Date of Award

Spring 2013

Document Type

Thesis

Terms of Use

© 2013 Alice R. Wong. All rights reserved. This work is freely available courtesy of the author. It may only be used for non-commercial, educational, and research purposes. For all other uses, including reproduction and distribution, please contact the copyright holder.

Degree Name

Bachelor of Arts

Department

Chemistry & Biochemistry

First Advisor

Robert S. Paley

Abstract

Enantiomerically pure planar chiral iron(0) tricarbonyl diene complexes were used as a template for the diastereoselective spiroketalization of four spiroketals. As an additional complication, these substrates contained an additional methyl substituent (both the (R) and (S) configurations) at the C6 position along the B ring of the spiroketal; these substituent effects were examined for both the 2-iodovinyl sulfoxide and l-iodovinyl sulfoxide series. These spiroketalization reactions demonstrated clear "matched"/"mismatched" effects as predicted, affording "matched" spiroketalization diastereomeric ratios of 46:1 and 24:1, and "mismatched" spiroketalization diastereomeric ratios of 10:1 and 9:l. These diastereoselectivities were supported by computational information. As a step away from this chemistry, an enantiomerically pure [6,6] azaspirocycle was synthesized in high diastereoselectivity using a planar chiral iron(O) tricarbonyl diene complex to direct the stereochemistry at the azaspirocyclic stereocenter. This synthesis includes the first enantiopure cyclic imino iron(0) tricarbonyl diene complex. Diastereoselective allylation of the cyclic imino iron(0) tricarbonyl diene complex afforded a single diastereomer. This was followed by ring-closing metathesis to yield the azaspirocycle. The absolute relative stereochemistry of the azaspirocyclic center was determined via x-ray crystallography. Finally, the absolute stereochemistry of the major and minor facial diastereomers of an iron(0) tricarbonyl complexation to an enantiopure N-oxazolidinyl diene complex were established via x-ray crystallography.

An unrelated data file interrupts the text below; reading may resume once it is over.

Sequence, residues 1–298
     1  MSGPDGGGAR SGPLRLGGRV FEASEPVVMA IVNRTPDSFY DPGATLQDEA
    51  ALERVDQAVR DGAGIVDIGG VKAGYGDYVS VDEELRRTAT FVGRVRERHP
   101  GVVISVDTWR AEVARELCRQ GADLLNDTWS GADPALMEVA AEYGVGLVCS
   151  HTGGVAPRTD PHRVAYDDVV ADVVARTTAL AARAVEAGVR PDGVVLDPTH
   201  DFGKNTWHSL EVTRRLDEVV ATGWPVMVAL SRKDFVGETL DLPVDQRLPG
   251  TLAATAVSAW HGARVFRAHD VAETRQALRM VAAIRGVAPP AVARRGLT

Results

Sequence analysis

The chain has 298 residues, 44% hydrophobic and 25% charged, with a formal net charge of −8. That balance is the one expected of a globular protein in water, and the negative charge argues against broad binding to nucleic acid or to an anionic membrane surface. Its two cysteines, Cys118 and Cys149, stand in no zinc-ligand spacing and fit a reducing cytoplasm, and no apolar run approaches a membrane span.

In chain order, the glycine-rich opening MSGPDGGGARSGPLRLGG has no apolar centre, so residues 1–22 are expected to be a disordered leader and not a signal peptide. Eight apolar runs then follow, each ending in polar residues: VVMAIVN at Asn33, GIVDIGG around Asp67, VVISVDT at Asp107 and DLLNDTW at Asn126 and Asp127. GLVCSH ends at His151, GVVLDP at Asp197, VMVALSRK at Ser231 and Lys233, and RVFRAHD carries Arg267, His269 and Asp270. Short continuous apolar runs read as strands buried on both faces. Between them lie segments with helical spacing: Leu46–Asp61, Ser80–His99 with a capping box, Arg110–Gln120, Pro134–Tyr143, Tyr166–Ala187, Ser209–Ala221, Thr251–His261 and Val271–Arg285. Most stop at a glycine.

Included in

Chemistry Commons

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